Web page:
Lady Evelyn Carlisle has barely arrived in London when familial duty calls her away again. Her cousin Gemma is desperate for help with her ailing mother before her imminent wedding, which Evelyn knew nothing about! Aunt Agnes in tow, she journeys to Scotland, expecting to find Malmo Manor in turmoil. To her surprise, her Scottish family has been keeping far more secrets than the troubled state of their matriarch. Adding to the tension in the house a neighbour has opened his home, Elderbrooke Park, as a retreat for artistic veterans of the Great War. This development does not sit well with everyone in the community. Is the suspicion towards the residents a catalyst for murder? A tragedy at Elderbrooke Park’s May Day celebration awakens Evelyn’s sleuthing instinct, which is strengthened when the story of another unsolved death emerges, connected to her own family. What she uncovers on her quest to expose the truth will change several lives forever, including her own.
With the shadow of history looming over her, Evelyn must trust in her instinct and ability to comb through the past to understand the present, before the murderer can stop her and tragedy strikes again.
Title: The Golden Hour | Author: Malia Zaidi | Series: Lady Evelyn #4 | Publisher: BookBaby | Pages: 398 | ISBN: 9781543959499 | Publication date: 26th March 2019 | Source: Review copy provided by author
‘The Golden Hour’ is a solidly enjoyable period whodunnit that wears its influences on its sleeve. It has an engaging heroine, a decent plot and a little bit of social commentary to keep things interesting.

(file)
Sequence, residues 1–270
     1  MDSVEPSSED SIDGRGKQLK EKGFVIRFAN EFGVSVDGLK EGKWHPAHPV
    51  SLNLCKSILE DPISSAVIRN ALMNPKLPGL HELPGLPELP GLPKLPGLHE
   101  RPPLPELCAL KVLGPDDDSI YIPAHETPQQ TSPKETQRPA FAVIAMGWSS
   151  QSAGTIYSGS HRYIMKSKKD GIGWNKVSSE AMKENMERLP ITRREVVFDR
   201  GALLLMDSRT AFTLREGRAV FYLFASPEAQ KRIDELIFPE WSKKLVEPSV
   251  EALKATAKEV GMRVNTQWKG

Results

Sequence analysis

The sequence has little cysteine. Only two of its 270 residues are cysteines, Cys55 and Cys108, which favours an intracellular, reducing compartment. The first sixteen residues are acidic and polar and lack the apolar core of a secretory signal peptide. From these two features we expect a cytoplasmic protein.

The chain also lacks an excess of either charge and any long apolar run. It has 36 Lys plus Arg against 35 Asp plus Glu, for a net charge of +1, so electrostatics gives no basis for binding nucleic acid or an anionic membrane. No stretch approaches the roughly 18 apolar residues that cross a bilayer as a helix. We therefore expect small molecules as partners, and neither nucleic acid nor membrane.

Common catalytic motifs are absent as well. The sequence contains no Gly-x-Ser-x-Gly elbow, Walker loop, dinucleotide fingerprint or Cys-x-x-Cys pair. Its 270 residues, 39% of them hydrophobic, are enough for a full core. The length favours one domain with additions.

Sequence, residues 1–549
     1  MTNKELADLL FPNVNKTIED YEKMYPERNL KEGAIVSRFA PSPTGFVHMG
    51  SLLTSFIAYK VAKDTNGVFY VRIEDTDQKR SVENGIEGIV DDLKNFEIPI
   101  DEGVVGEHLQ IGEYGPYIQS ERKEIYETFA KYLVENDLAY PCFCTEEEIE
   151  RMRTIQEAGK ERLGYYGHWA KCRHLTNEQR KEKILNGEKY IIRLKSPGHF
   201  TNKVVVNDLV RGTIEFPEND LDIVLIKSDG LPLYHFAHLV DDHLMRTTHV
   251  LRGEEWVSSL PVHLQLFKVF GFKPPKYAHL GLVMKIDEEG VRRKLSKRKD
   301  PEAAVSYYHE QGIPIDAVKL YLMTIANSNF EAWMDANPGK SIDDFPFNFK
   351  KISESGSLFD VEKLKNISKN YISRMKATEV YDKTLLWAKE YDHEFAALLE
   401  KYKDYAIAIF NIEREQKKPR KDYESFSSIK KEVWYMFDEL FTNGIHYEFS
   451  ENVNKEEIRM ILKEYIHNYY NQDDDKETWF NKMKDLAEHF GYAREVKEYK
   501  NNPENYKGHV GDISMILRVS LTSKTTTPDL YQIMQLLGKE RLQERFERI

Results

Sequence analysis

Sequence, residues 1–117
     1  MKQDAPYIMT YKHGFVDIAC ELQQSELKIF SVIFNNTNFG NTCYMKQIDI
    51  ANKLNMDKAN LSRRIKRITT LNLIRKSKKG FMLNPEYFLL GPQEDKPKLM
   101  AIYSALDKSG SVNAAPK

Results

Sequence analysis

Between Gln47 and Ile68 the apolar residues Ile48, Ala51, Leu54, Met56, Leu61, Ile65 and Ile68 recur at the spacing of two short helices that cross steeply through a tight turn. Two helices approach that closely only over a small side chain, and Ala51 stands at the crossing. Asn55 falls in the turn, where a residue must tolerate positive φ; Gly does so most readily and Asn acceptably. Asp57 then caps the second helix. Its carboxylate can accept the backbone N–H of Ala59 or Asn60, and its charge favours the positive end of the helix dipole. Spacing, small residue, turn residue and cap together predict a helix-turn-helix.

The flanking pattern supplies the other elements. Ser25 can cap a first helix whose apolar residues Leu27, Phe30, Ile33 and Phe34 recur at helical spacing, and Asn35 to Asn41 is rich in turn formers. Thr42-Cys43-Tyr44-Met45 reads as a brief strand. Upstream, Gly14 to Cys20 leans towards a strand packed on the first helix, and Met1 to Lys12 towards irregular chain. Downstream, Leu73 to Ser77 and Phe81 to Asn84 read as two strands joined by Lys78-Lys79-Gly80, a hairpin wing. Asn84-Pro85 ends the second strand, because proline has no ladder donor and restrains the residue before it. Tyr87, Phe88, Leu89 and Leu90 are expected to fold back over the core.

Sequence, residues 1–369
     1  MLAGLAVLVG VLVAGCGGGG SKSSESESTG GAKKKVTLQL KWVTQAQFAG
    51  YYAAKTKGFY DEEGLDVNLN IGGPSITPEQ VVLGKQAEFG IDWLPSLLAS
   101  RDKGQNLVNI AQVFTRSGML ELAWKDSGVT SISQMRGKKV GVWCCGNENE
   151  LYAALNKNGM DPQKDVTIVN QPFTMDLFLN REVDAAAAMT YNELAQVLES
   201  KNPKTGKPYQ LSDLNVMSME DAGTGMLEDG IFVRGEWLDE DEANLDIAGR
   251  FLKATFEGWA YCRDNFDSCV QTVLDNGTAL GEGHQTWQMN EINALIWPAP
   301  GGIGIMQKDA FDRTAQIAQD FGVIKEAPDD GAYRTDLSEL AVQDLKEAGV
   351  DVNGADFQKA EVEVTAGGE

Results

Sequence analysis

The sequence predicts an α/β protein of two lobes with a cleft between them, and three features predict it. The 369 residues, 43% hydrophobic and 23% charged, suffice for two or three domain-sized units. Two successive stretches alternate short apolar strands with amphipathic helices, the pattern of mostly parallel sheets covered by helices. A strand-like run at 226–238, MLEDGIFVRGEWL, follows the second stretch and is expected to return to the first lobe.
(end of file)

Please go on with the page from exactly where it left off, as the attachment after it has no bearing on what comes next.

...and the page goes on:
This is the fourth of the ‘Lady Evelyn’ mysteries from Malia Zaidi and the first that I’ve read. It’s easily digestible as a standalone work and I enjoyed it enough that I might check out the first three next time Amazon have a deal on Kindle Unlimited subscriptions. This volume sees Lady Evelyn, a plucky young woman in 1920s Britain, heading up to Scotland to visit her aunt and cousin in their mansion. Before too long there’s a murder and Lady Evelyn sets about investigating that and a previous crime in the same village.
If it sounds a bit like an Agatha Christie novel, that’s because it is. In fact, it’s a lot like an Agatha Christie novel. It would be pretty remarkable if the book was as good as Christie, and it isn’t, but the good news is that Zaidi borrows well from the grand dame of the murder mystery. The mystery here is well laid out, the setting and characters (especially Lady Evelyn) are fun and after a slightly slow start the plot moves on at a pretty decent pace. Like Christie’s books, this isn’t a “cosy” mystery. The mansion it is set in is used as a halfway house for soldiers still recovering from shellshock after the First World War and the denouement is pretty dark. The PTSD theme was well handled, managing to be both appropriate for the time, and still topical today.
Zaidi is clearly well aware of the debt she owes to Christie, and has the heroine reading one of her novels on the train to Scotland. She also throws in a Poirot-style scene before the final act where Lady Evelyn makes a list of suspects and motives. All this makes for a book that is honest about the fact that it isn’t desperately original, and which is readable and fun. I read the whole second half on a rainy Sunday with copious cups of tea, which suited it perfectly.
If I had a criticism other than the slow start, it would be that it’s a fair bit longer than it needs to be. At nearly 400 pages it’s about 30% longer than many of Dame Agatha’s books, and the content just doesn’t justify that many pages. That aside, it’s an entertaining read and definitely worth your consideration if this kind of thing is your cup of tea.
This post is part of a damppebbles blog tour. If you’d like to check out other reviews of the book, you can find them at the blogs below.